Review: The Empty Box and Zeroth Maria (Vol 1)

March 2 should just be another school day for Kazuki Hoshino. Surrounded by his friends, classmates and the girl he’s in love with, he’s not expecting the unexpected late arrival of a new transfer student, Aya Otonashi, to change his life. But when she ends her self-introduction with “—Kazuki Hoshino, I’m here to break you.” he realizes that things aren’t quite as they should be. Soon Aya Otonashi, or “Maria”, reveals that she’s transferred to the class thousands of times—March 2 repeating ad nauseum thanks to the power of a mysterious ‘box’ trying to fulfill someone’s wish.

The Empty Box and Zeroth Maria is written by Eiji Mikage, with illustrations done by Tetsuo (credited here as 415). The series is a mystery thriller with a (somewhat) supernatural twist. Released in English by Yen On in October 2017 with translation provided by Luke Baker. The first volume was released in Japan in 2009, and the series is complete in seven volumes.

Zeroth Maria is a title where it’s reputation proceeds it. Immensely popular within the light novel community, the story is lauded as one of the best within the medium. As a long awaited and beloved title for fans, I can only expect the English license was an expected one.

Kazuki Hoshino is having a regular morning in class before his friend and class president, Daiya Oomine, tells him about a new transfer student. As there is only a few weeks before the end of the school year, the girl, Aya Otonashi, draws everyone’s curiosity—especially when she shares her intent to wage war with Hoshino in her introduction to the class. Aside from her oddball behavior, the rest of the day goes pretty much as normal: Daiya and Kokone bicker; Haruaki confesses to, and is swiftly rejected by, the beautiful new transfer student; and Hoshino has the amazing opportunity to rest his head on his crush Mogi’s lap during PE. Everything is totally normal in his every day life, until the accident. Again and again and again.

For what Hoshino doesn’t realize (but sometimes does) is that his daily life has been caught in a time loop. His entire class has been reliving March 2, with only one person remembering it all—mysterious transfer student Aya Otonashi. It is also her reasoning that the person behind the loops is Hoshino himself. The only thing she knows is that sometimes he remembers her as “Maria”, a remnant of a loop long-passed. She thinks he made a wish to the mysterious figure O on a ‘box’, and the time loops are the way that wish is being realized. He can (sometimes) remember disjointed fragments of a meeting where he may have met this O, but has no idea what his wish might have been—and he doesn’t retain his memory of the repeating either, so nothing seems out of place for him even when reliving the same events. After eons of repetition Otonashi has avowed to destroy his box and his wish, hopeful to end the endless loop.

The story is well done in how it continues to build the tension throughout each loop. Although our protagonist doesn’t have the omniscient knowledge of the repetition, the audience is only slightly more informed. We don’t learn about disappearing classmates until Hoshino struggles to remember friends he’s known for years—the students who have been rejected from this repeating classroom over the course of thousands of March 2s. As the days turn to weeks turn to years, the classroom of the current loop changes drastically from the classroom of the first. Not only with his missing peers, but the attitude Otonashi applies to Hoshino in her efforts to break the cycle too. The monotony, futility and hopelessness of living the same day for longer than your own lifespan so far is enough to break even the strongest of wills, yet Maria has endured. This is a mystery with plenty of misdirection and subtlety, and when it finally reaches its crescendo it’s with a bang.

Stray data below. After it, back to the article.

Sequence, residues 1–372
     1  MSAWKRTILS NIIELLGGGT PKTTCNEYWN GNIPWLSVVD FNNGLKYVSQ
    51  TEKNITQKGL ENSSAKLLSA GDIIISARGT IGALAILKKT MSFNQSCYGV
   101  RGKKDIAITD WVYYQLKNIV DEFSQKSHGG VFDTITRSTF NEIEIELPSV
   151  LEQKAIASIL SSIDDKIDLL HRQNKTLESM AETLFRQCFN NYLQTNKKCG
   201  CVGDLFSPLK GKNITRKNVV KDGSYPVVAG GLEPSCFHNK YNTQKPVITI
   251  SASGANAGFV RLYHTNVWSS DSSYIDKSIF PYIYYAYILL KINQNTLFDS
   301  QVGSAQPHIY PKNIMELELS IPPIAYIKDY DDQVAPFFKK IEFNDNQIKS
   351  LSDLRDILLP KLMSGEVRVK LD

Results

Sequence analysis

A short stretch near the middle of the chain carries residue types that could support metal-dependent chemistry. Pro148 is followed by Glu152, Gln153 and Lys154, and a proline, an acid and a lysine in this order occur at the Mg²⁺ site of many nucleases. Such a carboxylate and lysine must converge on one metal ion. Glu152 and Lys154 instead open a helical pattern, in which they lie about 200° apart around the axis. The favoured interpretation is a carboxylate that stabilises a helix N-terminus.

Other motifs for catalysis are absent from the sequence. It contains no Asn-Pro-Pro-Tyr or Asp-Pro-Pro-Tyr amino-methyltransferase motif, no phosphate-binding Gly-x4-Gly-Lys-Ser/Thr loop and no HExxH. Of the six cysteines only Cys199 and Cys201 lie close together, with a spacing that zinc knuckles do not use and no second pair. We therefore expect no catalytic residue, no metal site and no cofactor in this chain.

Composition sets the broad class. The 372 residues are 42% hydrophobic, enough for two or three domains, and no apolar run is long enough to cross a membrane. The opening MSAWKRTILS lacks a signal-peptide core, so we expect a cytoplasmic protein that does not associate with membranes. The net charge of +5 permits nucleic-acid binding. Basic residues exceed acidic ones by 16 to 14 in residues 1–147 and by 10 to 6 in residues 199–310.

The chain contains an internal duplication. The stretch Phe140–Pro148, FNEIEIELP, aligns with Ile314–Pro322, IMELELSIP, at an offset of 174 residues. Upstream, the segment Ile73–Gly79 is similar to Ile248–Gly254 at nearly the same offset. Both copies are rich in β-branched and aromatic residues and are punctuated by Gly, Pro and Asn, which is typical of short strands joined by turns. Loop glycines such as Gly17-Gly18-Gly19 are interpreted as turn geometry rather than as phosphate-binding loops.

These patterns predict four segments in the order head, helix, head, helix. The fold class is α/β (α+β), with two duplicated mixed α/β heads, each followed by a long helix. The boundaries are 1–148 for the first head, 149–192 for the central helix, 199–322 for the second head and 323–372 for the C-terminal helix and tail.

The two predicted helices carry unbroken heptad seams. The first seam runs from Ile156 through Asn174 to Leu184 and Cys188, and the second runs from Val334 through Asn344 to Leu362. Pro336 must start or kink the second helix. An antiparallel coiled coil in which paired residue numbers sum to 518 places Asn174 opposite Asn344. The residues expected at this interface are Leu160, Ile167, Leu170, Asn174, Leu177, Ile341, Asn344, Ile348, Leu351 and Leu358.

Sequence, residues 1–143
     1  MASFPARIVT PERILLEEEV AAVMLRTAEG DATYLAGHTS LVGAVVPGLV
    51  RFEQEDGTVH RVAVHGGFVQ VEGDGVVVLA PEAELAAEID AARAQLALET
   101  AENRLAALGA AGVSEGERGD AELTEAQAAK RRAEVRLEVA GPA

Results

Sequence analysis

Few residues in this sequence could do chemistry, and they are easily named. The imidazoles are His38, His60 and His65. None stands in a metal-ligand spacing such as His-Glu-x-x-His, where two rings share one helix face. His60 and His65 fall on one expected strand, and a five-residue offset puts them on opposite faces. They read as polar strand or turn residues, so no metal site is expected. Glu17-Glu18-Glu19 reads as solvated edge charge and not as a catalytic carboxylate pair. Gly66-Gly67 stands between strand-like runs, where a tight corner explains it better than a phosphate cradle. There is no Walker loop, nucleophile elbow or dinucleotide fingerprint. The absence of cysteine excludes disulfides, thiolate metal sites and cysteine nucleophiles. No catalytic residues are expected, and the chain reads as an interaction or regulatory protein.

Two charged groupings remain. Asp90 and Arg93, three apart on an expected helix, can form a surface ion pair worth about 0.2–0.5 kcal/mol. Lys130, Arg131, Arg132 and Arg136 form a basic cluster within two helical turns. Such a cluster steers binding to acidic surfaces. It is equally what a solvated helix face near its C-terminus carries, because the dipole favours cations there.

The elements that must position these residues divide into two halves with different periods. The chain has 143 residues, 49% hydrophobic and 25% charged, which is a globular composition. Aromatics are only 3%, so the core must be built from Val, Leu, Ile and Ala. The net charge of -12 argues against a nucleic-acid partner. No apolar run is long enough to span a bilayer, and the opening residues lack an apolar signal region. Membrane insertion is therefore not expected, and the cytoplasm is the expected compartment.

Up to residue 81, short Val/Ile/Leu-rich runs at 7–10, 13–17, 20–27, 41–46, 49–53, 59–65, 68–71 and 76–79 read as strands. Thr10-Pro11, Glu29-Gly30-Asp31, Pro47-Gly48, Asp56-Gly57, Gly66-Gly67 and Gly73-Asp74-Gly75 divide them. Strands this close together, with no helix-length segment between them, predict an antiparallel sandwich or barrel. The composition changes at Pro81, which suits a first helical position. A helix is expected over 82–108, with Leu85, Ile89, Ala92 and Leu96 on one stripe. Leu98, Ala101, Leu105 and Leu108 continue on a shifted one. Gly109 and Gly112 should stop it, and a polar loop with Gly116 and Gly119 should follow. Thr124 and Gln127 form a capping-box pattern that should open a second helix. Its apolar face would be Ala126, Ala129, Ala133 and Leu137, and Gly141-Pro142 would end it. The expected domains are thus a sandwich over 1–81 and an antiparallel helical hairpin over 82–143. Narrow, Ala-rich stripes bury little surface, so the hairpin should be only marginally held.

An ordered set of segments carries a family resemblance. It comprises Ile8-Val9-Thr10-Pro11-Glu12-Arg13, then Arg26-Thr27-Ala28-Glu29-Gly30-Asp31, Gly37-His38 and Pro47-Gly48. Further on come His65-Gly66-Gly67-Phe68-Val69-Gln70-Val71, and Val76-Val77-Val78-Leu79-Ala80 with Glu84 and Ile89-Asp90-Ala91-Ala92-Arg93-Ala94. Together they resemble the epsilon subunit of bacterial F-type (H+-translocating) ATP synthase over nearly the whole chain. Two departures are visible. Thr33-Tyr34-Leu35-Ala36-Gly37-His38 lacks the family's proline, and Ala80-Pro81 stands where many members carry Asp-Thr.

Unfortunately, because of the repetition (and memory loss) we never really learn much about any of these characters outside of their main personality traits—including our protagonist. Compared to other similar light novels with this plot (All You Need is Kill comes to mind), there is no real evolution of character from Hoshino as a (somewhat) clueless bystander. At least when Kyon and co. were stuck in their own loop during The Rampage of Haruhi Suzumiya it was contained to a short story, and encapsulated the last eight days of the summer break—hopefully the pay-off of this first novel for Otonashi is utilized as well, and with as much impact, as it was for Yuuki in The Disappearance of Haruhi Suzumiya.

With the final events of the book, it gives this story the potential it needed for the story to continue past this point. This novel is fine to be contained to the repeating, rejecting classroom, but that premise was never going to be able to work across an entire series—instead, it works as a hook to the larger mystery of O and the boxes; the ability to grant wishes and how those wishes can be twisted. For fans of mystery this is a solid foundation to build from, and I am hopeful for the future of the mystery-solving duo of Otonashi and Hoshino going forward. If you’re looking for a solid mystery series and don’t mind the high school setting or somewhat supernatural element, give this one a shot.

Gee’s Rating: Recommended

You can purchase this book online via sites like Amazon (available in paperback or as an ebook) and Book Depository (which offers free worldwide shipping). These are affiliate links, so a small percentage of sales goes toward this site.

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